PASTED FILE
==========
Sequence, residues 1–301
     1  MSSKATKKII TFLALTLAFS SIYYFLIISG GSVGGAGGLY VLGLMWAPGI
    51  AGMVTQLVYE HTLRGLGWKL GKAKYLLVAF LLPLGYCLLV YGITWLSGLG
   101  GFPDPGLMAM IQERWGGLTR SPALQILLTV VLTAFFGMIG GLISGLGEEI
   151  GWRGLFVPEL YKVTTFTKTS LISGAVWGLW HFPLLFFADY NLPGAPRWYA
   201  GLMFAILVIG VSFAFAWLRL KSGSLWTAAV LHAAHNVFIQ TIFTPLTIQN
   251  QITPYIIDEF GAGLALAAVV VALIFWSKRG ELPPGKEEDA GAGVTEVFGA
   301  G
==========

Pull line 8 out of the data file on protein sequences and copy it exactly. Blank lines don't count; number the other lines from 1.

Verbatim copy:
   301  G